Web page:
Quite how this was worked out I dont know since house-building figures are not disaggregated to parish area.   I suspect it was simply measured by LPA for those areas with and without any neighbourhood plans.  A very crude approach.

This would have meant a sample of areas without local plans being biased to northern areas with less development activity because Respublica data shows neighbourhood plan coverage is weighted towards more prosperous areas.

So Neighborhood plan coverage may not be the causal variable, we may have a classic case of spatial autocorrleation where local priority is the causal variable and neighborhood plan coverage is correlated to that.  Indeed there may be a second autocorrelation as when a local plan is adopted housebuilding levels increase and then the neighborhood plan has to be consistent.

Turley in 2014 found half of neighbourhood plans were designed to resist development, so the real correlation may be negative in areas with out of date local plans and positive but non causal in areas with up to date local plans.

If people think that neighborhood plans are there to boost house-building then why isn’t Herefordshire with more than anywhere undergoing a development boom?  The main motive is rather to fill a vacuum and restrict development to levels the local community think appropriate.

 

@GavinBarwellMP Crack down on Landbanking would be Weak and Counterproductive

Property Week

Developers that fail to build on sites for which they have planning permission could find themselves penalised when they apply for their next scheme, Gavin Barwell has warned.

The housing minister told Property Week he wanted to crack down on developers that have a “habit of putting in planning applications, getting permission, getting uplift in their land value and then not doing anything”.

The government was “looking at” encouraging councils to take a developers’ past record on building out schemes into account when they assess new planning applications, he said.

This could come in the form of central government planning guidance.

“That should be a consideration that can be taken into account the next time they come back for planning permission,” said Barwell.

He suggested a ‘use it or lose it’ policy, whereby developers failing to build on land would be stripped of it or face heavy fines, would be “too aggressive” and may discourage building.

“You’ve got to put pressure on developers to say ‘why aren’t we going quicker now?’ But you don’t want to do it in such a heavy-handed way that the effect is to get fewer homes built,” he said.

Barwell stressed the need to “balance” the changes with pro-development policies. In his speech, the minister also said the planning system was steadily improving but that more could be done.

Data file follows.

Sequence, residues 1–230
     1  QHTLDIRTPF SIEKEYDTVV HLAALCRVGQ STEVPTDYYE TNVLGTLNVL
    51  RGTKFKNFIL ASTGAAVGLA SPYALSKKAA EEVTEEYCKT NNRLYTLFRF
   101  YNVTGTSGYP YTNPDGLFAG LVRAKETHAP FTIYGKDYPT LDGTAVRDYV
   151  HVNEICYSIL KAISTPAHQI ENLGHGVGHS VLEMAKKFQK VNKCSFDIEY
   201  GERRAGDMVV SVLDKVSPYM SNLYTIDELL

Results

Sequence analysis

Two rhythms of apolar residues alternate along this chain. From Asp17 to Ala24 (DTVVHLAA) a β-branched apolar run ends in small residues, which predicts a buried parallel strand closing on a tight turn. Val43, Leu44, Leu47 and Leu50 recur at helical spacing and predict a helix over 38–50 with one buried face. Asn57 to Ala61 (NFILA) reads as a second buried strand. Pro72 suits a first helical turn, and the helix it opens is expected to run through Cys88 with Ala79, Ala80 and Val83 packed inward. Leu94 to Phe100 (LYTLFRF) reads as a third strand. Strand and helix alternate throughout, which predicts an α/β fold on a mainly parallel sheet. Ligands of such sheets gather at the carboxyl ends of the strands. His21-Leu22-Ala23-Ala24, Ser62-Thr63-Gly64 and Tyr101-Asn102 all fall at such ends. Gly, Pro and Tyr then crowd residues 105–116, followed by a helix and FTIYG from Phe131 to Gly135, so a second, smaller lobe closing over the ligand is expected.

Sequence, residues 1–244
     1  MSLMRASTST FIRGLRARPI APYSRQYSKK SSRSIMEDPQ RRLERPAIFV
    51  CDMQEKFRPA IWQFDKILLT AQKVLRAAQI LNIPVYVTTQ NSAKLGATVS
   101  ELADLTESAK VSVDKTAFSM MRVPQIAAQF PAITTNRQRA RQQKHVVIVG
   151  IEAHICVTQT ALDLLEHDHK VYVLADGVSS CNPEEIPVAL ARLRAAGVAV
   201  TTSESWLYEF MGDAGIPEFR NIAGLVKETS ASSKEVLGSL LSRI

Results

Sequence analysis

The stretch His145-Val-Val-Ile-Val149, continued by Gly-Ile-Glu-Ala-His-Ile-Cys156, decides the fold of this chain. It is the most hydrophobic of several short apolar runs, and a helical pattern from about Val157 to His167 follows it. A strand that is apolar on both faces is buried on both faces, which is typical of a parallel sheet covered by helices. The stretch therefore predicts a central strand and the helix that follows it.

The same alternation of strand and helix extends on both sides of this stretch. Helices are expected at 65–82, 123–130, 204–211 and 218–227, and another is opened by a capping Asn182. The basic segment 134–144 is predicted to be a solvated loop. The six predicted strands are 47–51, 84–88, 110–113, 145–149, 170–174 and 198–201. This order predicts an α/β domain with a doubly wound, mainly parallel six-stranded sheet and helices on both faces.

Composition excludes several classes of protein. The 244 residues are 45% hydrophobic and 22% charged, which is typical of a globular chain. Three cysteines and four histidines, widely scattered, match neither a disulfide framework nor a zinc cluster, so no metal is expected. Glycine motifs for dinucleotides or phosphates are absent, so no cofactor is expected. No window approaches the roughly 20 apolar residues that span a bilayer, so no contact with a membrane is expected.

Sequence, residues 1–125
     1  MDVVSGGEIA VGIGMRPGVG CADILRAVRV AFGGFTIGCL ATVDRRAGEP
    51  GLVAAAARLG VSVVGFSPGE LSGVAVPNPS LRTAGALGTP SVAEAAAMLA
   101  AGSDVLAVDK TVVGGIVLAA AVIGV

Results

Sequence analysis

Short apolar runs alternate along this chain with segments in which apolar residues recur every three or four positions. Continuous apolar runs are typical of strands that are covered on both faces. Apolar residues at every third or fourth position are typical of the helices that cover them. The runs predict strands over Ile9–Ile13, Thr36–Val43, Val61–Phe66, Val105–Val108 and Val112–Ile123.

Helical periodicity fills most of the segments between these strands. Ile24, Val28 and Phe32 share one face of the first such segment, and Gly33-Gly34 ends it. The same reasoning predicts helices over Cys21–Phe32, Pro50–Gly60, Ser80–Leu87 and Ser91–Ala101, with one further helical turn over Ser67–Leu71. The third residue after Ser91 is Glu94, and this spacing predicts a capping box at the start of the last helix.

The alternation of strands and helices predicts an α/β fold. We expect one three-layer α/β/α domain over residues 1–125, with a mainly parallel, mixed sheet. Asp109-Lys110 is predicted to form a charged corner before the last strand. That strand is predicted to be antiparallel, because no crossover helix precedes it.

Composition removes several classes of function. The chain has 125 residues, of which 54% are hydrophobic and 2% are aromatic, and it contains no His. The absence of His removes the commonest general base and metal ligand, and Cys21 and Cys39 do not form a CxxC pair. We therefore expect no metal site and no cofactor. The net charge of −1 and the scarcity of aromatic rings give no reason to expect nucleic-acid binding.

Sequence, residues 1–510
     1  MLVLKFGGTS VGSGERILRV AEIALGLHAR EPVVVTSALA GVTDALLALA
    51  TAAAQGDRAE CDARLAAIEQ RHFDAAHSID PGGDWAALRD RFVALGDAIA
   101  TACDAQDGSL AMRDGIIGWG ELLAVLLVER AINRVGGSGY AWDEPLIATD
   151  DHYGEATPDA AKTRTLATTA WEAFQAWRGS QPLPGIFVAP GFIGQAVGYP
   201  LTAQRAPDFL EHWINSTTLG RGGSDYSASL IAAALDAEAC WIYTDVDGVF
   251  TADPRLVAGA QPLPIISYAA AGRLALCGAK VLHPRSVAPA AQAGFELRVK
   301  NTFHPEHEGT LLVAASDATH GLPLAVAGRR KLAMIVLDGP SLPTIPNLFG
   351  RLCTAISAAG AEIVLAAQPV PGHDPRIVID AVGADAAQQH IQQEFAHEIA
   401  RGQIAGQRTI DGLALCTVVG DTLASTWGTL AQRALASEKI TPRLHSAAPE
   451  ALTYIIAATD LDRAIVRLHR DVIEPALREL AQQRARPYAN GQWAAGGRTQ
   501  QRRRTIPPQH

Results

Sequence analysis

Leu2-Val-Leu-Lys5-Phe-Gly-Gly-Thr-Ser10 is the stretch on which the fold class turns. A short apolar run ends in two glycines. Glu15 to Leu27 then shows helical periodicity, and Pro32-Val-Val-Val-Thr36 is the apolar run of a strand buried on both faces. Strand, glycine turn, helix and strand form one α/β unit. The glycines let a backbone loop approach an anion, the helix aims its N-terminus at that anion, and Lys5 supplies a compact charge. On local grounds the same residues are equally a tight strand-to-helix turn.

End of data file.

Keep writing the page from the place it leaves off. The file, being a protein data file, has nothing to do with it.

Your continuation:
He said charging higher fees and ringfencing the money for planning departments was an option being considered.

Marnix Elsenaar, partner and head of planning at law firm Addleshaw Goddard, said the “stupid idea” could be “legally questionable”.

“Speeding up development is a laudable ambition, and a developers’ track record is clearly a relevant factor in decision making. But fundamentally, planning permission is gained on a site-by-site basis, and the suggestion as it currently appears would be legally questionable.”

“Planning permissions are not usually personal to developers, developers might sell sites on. It’s not always the applicant for planning permission that is building a site out.”

“Developers don’t not develop because they can’t be bothered, they don’t develop because the viability doesn’t work, because of rising construction costs, a skills shortage, things they can’t control. There’s no point trying to punish developers when there’s a whole range of other things the government should focus on.”

The idea is stupid, legally questionable and would result in fewer houses being built.

Though there is a problem with some housebuilders who wont build in any indivudual market above a certain rate  the main problem is with speculative property company that are not builders who sell land one which is then banked.  It wouyld simply encourage more ‘non developers’ into the market

How could a past record on building be material for those that dont build?

How would planning authorities measure it they would need records of ownership and completions by housing market area in the whole country.  These records dont exist.

Fundamentally it breaches the ‘de novo’ principle of each application being based on its own merits and not that of the applicant.  It opens the door to local authoritative refusing applications because they dont like the look of the developer.

Then waht is to stop the site being sold on to anyone the moment it has permission.

Also the NPPF is supposed to be based on clear yes or no rules – where is the yes or no rule hear.

This is a weak and dubious proposal.  Site Land value taxation – as always – is the obvious answer.